13. Keep in mind that a representative sample is some smallish number of fish that is supposed to reflect the parameters of the population at large; a sample is not the entire population. Samples are always associated with some degree of error simply because a sample, even a good one, is not the whole population. All the statistics that can be calculated on a sample to make inferences about a population or assemblage are also associated with error. In addition, fish collection gears are all associated with some bias. Black basses (like largemouth and smallmouth), e.g., ordinarily are notorious for avoiding net and entrapment gears, but crappies tend to trap very well; the former would ordinarily be under-represented in a trapnet catch, and the latter might be over-respresented. That's OK. People who like to think about such stuff simply need to be aware of it and plan their sampling to best suit their needs.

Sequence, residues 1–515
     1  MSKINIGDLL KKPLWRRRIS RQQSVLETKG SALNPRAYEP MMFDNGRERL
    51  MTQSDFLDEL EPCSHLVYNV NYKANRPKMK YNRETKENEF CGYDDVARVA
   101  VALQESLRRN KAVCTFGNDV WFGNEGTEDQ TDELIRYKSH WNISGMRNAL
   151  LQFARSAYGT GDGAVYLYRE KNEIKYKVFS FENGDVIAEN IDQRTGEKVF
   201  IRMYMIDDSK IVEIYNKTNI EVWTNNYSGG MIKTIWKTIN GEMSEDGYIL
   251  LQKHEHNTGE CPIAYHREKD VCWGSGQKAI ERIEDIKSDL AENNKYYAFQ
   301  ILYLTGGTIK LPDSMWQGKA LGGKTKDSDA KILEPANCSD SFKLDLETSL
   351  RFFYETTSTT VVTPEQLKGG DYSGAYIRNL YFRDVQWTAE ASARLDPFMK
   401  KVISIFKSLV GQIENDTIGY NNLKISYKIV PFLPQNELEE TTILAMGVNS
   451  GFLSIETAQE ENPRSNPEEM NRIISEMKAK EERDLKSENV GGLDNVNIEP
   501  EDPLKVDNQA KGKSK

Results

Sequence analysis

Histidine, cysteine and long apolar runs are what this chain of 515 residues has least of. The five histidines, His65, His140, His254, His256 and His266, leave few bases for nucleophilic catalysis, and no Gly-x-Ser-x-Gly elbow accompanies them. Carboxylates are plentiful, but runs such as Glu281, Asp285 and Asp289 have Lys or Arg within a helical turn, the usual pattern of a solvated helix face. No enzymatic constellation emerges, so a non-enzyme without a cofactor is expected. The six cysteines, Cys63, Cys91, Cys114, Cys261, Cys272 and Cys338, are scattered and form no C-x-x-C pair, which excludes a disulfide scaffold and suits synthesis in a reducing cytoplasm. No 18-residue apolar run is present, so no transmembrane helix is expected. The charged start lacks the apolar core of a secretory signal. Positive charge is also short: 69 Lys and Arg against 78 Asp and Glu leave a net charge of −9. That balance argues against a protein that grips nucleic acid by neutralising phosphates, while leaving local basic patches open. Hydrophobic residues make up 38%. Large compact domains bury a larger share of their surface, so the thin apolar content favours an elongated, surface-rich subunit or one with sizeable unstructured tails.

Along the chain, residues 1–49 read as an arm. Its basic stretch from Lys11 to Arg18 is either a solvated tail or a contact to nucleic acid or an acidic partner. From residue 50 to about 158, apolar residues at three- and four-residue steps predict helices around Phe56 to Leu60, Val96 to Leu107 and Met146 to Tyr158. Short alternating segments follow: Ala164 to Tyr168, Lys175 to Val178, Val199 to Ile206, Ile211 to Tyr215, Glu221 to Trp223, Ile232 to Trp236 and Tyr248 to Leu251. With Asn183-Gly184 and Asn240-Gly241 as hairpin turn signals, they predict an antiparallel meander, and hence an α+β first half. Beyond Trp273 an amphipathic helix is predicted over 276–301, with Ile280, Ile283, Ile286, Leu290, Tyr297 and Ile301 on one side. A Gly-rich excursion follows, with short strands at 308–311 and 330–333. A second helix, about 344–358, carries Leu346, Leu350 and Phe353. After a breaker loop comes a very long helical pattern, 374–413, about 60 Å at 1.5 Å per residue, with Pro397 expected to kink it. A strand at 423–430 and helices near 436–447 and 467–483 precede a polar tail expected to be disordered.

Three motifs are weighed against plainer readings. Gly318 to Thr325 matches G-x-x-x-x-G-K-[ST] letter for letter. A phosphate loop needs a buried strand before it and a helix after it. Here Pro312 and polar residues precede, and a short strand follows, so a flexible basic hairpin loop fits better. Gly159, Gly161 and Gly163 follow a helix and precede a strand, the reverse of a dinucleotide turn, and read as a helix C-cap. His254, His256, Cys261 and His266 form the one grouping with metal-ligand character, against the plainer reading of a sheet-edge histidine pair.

We're straying a little remote to farm ponds here, but this seems relevant to the chat at hand. I actually team teach a fish sampling workshop at Stone Lab on Gibraltar Island (near Put-in-Bay) with friends from the Ohio EPA and Ohio Division of Wildlife in early October. We run fyke nets, gill nets, trawls, and two types of electrofishing gear on Lake Erie. My target audience is undergraduate college students who might be looking for summer internships with state agencies, and they are given preferential registration, but anybody else is welcome to take any leftover spots not taken by undergraduates. If you have that weekend free, and would like to lay your hands to those gears... I should have fees calculated and more formal word posted soon, perhaps within the week.
     
  14. Fishman

    Fishman Catch bait???

    In regards to the last photo, extremely poor form on the seine mans behalf. Ahh! All I can hear is "KEEP THE LEAD LINE DOWN" echoing over and over in my head when it comes to seining. Lots of variables going into success of pulling a seine obviously, and I've seen hauls from ponds produce next to no fish where you know darn well there are thousands.

    At the farm we mainly uses seines with purses and it dramatically increases the catch rate. At the same time, it's important to mention the seines are usually 6-8ft deep and the ponds are 6ft deep max.

    Cool offer Eugene posted, if anyone has the free time I'de highly recommend trying to get involved.